As Black women, racial trauma is a part of our daily lives. Whether it’s being followed around in a store, not being called back for a job because we don’t have a “white sounding name” or brutalized by police, racism is a constant. The chronic and traumatic nature of it has a significant impact on Black women’s mental health.
What is Racial Trauma?
Racism is a form of oppression — prolonged cruel or unjust treatment — and the effects of it have been shown to produce symptoms similar to those seen in folks with Post Traumatic Stress Disorder, even in the absence of a known traumatic event (1, 2, 3).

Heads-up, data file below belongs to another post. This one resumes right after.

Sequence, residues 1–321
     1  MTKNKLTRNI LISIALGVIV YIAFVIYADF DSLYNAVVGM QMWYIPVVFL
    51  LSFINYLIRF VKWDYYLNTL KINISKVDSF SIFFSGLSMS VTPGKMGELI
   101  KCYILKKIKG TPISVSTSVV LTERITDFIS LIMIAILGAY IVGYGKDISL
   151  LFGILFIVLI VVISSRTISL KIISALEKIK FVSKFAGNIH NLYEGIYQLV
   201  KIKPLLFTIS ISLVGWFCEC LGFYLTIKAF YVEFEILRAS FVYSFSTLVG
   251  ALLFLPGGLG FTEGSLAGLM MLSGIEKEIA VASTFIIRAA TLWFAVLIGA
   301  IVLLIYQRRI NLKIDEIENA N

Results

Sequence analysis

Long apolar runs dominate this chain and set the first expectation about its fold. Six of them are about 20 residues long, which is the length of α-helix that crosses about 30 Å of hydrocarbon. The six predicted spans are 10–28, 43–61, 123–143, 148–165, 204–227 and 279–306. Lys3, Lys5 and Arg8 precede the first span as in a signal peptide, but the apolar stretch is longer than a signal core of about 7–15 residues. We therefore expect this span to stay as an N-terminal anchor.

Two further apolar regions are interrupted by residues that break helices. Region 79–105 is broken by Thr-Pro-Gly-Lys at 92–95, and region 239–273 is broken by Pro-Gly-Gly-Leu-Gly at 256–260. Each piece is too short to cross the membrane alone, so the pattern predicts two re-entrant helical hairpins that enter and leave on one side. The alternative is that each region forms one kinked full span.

These symptoms include: depression, anxiety, dissociation, hypervigilance, reluctance to interact with or general distrust of white people, and hopelessness (4, 5). There can also be somatic symptoms, like: headaches, digestive issues, difficulty sleeping, aches and pains, and cognitive impairments such as memory recall (6). These somatic symptoms occur because our memories and experiences exist in both our brains and our bodies.
The body is a container for all experience and many of our experiences are stored physiologically, unintegrated into the higher processing areas of the brain (7). This holds true for racism and racial trauma as well as other traumatic experiences — living within systems of racism and oppression don’t just affect Black folks’ lived experience in the world, it also affects our physiology (8).
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